EHUD – The Scourge of Moab, Judges 3. 12-30
SHAMGAR –The Slayer of Philistines, Judges 3. 31
I recall as a boy having a morbid fascination with the story of Ehud. The daring plan, the intrigue and the gory details of Eglon’s assassination at the hands of this brave young man all appealed to the impressionable mind. What we have, however, in Judges chapter 3 is more than just an exciting narrative; there are important spiritual lessons to be learned.
Enemies close to home
The brief record of Ehud is introduced by the ominously familiar phrase in the book of Judges, ‘the children of Israel did evil again in the sight of the Lord’, 3. 12. For forty years, the restraining influence of Othniel’s presence had brought a measure of rest and order to the land. Yet, now once more, the patience of God has been tried, and retribution falls. This time the Lord’s chosen scourge is not from far off Mesopotamia, but on their very borders, and indeed, related to them! Moab was a descendent of Lot and his daughter, as was Ammon who is seen in association with Moab in this chapter. The third opponent of Israel at this time is Amalek, a descendent of Esau, and an inveterate enemy of the people of God. Such a confederacy teaches us the nature and activity of the flesh; that part of our make-up which responds to the temptations of the adversary. Failure to withstand those temptations leaves us feeling guilty, weak and vulnerable; in need of cleansing and restoration. Israel needed to learn those lessons too, so for eighteen years they are brought under the yoke of Eglon the king of Moab.
Eglon, it would appear, had no ambition to possess the whole land; he just gained a foothold in Jericho, the city of palm trees. We recall that at this time Jericho was a ruined city and under the curse of God, an eloquent illustration of those worldly characteristics which can be used by the flesh to bring the people of God into bondage. How accurate is the picture language of scripture! We need only to allow a seemingly small part of our life to be ruled by the flesh for our enjoyment of life as Christians to be marred.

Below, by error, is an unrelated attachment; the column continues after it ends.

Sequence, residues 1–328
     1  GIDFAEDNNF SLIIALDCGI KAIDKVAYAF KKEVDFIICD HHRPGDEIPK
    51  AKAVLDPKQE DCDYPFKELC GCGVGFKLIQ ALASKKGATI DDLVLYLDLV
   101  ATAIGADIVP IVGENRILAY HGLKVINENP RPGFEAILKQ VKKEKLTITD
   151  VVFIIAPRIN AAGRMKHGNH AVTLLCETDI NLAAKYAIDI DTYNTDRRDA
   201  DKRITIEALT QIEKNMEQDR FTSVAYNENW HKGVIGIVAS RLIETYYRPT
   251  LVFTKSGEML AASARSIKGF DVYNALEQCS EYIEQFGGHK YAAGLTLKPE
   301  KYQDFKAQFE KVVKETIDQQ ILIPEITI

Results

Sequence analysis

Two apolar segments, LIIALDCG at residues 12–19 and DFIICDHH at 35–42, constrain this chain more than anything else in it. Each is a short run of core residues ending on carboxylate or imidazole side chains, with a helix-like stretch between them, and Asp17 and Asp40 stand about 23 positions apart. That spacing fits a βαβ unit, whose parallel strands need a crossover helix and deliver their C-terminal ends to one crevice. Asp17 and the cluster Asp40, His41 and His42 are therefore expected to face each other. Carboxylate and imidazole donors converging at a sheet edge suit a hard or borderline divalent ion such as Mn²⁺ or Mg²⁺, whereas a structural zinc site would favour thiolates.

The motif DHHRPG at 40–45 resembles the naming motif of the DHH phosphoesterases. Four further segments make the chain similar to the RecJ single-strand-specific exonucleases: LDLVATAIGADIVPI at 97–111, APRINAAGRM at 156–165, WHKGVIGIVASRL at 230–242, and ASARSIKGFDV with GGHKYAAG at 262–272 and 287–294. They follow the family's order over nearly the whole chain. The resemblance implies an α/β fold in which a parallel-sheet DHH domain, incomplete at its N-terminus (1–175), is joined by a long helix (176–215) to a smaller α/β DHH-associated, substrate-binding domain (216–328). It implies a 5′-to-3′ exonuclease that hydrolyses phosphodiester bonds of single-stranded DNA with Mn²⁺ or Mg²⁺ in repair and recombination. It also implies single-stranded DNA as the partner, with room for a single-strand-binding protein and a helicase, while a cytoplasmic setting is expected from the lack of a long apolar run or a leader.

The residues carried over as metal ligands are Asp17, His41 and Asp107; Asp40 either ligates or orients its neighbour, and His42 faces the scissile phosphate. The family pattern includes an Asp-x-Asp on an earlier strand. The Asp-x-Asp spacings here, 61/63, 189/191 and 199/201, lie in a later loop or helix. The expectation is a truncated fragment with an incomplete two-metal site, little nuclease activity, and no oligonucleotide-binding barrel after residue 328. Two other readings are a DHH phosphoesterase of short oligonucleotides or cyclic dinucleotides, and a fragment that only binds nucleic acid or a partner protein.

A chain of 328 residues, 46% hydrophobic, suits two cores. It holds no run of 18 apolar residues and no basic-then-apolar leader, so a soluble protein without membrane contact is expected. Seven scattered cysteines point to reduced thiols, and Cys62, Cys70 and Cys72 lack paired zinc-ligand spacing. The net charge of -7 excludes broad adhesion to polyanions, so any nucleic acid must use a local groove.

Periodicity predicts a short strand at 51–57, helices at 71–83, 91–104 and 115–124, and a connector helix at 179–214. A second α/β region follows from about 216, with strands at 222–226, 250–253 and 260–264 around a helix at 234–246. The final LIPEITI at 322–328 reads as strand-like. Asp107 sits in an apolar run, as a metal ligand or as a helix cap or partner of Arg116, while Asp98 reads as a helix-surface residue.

Enter the deliverer
When they cried to Him, ‘the Lord raised up … Ehud’. How encouraging it is to note that in every trial and in every difficulty, even when brought about by the sin of His people, our God provides a pathway through the troubles, and, when needed, He draws us back to Himself. The Lord heard the cry of His people and, in mercy, responded.
Ehud was a descendant of Jacob’s youngest son Benjamin, whom he so named as ‘son of my right hand’. Yet the first thing we read of Ehud is that he was ‘a man left-handed’. Some expositors suggest that the meaning is more inclined to be both-handed, ambidextrous, but the word as given by Strong’s Concordance literally means ‘shut up or impeded of the right hand’, in other words, it may well have been that Ehud had an evident weakness or disability which rendered his right arm useless. But what may have seemed a disadvantage in the eyes of men, is turned into a positive advantage by God to deliver His people!
We are not told just why Ehud was chosen to carry the present, which most likely was the tribute exacted from Israel by Eglon, to the Moabite king. We do know that he did not travel alone, yet Ehud’s journey was taken with a single purpose in view. Strapped closely to his right thigh, reaching from hip to knee, was a formidable weapon; carefully crafted, double edged and lethal. With this he planned the defeat of Moab and its allies. Our thoughts must surely go to that other ‘sharp two-edged sword’, ‘the word of God’, Heb. 4. 12; Rev. 1. 16. Our first step in overcoming the flesh and the temptations which arise from it is to make the word of God our own. To spend time finding out what the scriptures teach in any given situation and then apply them to our lives. Just as Ehud spent time crafting his dagger, so time spent with the word of God will always be rewarded.
Eglon, the man of the flesh
In chapter 3, verse 17 we are ushered into the presence of King Eglon. The first thing we notice, in fact we cannot miss, is that he is ‘a very fat man’. Years of indulgence, ‘fulfilling the desires of the flesh and of the mind’, had taken their toll. What an appropriate character to illustrate the words of the prophet, ‘Moab hath been at ease from his youth, and he hath settled on his lees’, Jer. 48. 11.